Vee Lounge neatly embodies the high-energy, hybrid age we're all currently living in.
Located in the former Fat Daddy's club location, a short stroll from Sundance Square, it bills itself as a restaurant-lounge-bar, which it certainly is. The doors open at 3 p.m. every day (except for Sundays), which is a dead giveaway of Vee's nightclub bio-rhythms. Its decor, along with its $200,000 sound-and-light system, conjures images of New York's legendary, '70s-era, Studio 54 -- all tele-ported to Fort Worth with a contemporary update and vibe. LED lights gently carom off the central dance floor. Super-plush carpeting and columns encrusted in reflective tiles -- think vertical disco balls -- surround dark-wood tables and a granite bar built on what looks like the flashy grill of a '60s muscle car. Clusters of sofas group into lounge areas, where you can eat or, after 10 p.m., partake of the V.I.P. bottle-service ($275).
But all this club flash should not obscure the fact that Vee's owners, Houston-based Rick's Cabaret International, installed a $300,000 from-scratch, state-of-the-art kitchen, where executive chef Heath Rowe dreams up culinary adventures from the Mediterranean to Asia, often employing classic French techniques.
One of the downfalls of the Fort Worth Fat Daddy's was that it let its dance club denizens go hungry, choosing not to invest in building a kitchen. Vee Lounge seems intent on feeding our appetites on all levels.
The tapas starter of roasted garlic ricotta dumplings ($8) was a great way to start. Its cheesy pillows were delicious, and so was the sublimely well-balanced accompanying lemon-butter sauce. A deep bowl of Thai curry chicken soup ($8) hummed with curry spices, ginger and sweet basil -- so much so that I start slurping it as if I were wandering through a Bangkok market.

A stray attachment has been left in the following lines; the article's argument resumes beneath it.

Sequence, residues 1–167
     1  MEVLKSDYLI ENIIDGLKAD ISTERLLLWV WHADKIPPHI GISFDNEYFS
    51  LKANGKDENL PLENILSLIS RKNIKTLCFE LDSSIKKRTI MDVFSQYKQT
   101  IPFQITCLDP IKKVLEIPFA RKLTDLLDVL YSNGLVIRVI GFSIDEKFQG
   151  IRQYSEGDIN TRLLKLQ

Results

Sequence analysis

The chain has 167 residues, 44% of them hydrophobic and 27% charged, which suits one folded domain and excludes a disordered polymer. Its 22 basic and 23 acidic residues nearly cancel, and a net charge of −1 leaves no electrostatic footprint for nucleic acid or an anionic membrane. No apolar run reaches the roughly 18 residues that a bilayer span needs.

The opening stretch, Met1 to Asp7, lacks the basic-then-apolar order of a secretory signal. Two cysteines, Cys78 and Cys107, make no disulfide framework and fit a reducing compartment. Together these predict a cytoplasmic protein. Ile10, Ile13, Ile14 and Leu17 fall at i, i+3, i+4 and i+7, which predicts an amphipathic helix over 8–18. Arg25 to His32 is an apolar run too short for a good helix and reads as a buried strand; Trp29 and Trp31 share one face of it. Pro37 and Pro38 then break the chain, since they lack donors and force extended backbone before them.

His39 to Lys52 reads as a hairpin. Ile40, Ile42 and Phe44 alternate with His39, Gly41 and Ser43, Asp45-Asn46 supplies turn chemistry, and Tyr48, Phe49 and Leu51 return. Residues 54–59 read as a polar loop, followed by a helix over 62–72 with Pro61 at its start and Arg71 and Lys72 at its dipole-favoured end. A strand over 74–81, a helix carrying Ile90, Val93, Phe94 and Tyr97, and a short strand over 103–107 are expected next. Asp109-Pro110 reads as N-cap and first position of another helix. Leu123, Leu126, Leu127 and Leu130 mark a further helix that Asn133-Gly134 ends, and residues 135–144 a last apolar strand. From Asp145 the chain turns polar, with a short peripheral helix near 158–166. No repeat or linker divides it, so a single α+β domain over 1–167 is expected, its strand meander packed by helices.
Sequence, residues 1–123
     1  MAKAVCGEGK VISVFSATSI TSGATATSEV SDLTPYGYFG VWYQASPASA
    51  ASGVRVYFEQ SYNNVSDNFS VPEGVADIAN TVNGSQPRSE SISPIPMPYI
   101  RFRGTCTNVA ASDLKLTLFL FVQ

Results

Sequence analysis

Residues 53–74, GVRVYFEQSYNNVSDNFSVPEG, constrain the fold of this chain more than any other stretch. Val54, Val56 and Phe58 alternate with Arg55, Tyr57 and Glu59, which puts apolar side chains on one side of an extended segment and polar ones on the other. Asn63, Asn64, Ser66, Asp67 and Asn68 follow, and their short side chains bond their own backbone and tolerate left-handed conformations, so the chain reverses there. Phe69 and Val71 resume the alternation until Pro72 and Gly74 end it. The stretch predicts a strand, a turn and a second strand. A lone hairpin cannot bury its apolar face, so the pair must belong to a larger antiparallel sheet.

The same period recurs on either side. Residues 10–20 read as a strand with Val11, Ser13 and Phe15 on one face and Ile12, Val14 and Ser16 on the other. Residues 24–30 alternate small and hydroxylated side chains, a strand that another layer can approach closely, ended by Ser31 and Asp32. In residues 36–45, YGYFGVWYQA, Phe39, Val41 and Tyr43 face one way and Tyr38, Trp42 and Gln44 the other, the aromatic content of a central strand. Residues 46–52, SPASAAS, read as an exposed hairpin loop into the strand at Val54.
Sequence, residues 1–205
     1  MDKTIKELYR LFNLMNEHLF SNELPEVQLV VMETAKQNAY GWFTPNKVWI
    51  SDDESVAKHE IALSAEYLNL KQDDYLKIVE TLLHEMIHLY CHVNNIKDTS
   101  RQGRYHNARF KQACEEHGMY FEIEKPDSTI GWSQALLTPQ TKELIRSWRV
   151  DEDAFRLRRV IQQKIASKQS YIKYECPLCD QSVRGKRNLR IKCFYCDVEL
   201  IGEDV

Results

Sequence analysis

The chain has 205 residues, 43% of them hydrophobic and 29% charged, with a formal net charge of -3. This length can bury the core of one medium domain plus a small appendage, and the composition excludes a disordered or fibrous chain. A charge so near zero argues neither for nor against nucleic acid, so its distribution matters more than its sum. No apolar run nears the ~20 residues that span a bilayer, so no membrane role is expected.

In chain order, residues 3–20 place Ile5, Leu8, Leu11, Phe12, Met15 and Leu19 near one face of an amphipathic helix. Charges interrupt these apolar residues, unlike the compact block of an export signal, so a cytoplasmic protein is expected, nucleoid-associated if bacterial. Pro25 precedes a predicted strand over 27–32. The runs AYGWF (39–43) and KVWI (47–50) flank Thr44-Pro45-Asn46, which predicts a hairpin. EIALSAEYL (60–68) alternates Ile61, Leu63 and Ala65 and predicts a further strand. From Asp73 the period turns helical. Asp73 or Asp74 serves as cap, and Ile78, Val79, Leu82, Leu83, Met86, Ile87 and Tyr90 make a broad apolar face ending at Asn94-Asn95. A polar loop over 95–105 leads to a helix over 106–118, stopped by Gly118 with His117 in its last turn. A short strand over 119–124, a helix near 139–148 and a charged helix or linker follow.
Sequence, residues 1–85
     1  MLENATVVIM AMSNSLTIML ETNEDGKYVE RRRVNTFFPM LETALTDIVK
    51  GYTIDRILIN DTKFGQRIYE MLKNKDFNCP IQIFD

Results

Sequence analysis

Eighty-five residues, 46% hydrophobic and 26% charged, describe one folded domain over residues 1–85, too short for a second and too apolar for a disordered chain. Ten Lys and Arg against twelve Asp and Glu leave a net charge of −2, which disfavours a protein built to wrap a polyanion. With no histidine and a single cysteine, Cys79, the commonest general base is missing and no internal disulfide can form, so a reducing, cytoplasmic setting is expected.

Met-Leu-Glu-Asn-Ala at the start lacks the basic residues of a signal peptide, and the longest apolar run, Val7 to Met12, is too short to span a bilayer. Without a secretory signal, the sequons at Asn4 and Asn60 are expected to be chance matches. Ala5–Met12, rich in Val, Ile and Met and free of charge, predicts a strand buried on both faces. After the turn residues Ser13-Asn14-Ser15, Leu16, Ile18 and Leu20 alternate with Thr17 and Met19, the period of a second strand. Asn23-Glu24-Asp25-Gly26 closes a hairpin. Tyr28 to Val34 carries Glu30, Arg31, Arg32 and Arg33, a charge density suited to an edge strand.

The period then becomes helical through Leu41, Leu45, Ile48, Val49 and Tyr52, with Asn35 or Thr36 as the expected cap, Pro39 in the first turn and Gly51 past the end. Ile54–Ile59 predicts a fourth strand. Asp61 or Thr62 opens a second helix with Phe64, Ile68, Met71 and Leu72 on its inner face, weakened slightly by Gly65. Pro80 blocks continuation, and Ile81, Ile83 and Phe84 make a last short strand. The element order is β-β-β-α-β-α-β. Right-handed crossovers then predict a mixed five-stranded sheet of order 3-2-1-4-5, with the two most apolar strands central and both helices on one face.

Meanwhile, the short-rib empanada ($6) was a textural delight, with its pastry a melt-in-your-mouth creation contrasting with the crunch of red onion relish. The short-rib quota needs to be upped considerably, however.
The most visually pleasing Vee Lounge starter is also its most basic: A charcuterie board ($24) that lives or dies based on the sheer vibrancy of its offerings. Most of the board's tenants, save for a bland dilled-Havarti, perform admirably: House-cured salmon, peppery Genoa salami and sopressata, complex Serrano ham, ultra-creamy house-made ricotta, nicely aged port cheddar, and the nutty, semi-soft Morbier all perform a harmonious charcuterie concert.
Vee's Akaushi filet mignon, at $38, is an investment -- but one that's worth making. The meat was cooked a perfect medium-rare, retaining a marvelous outer char. It sits on a potato pancake throne that attains the spud nirvana of a perfectly crunchy exterior, over a meltingly creamy inside.
There are countless ways to mess up seafood paella ($34), starting with overcooking the fish. But Vee's version manages to produce succulent mussels, a juicy slab of striped bass, a plump scallop, nonrubbery shrimp and the kicker of an Andouille-like house-smoked sausage -- all sitting on nicely toothsome, saffron-rice.
Desserts alternate between downhome and sleekly decadent. The upside-down coconut custard ($9), with its tiny sail of candied lime, is all key lime pie custardy goodness. Meanwhile, three chocolate cheesecake truffles ($9) are each the size of Dior business suit buttons, and just as elegantly presented, with each one so intensely packed with flavor that a knife is required to cut through their outer chocolate skin.
As a saxophonist fills Vee Lounge with smooth-jazz melodies, his volume is perfectly calibrated to the kind of restaurant Vee seems intent on being: Where glossy club surface, and substantial food offerings, can actually spend the night together -- and go home guilt-free.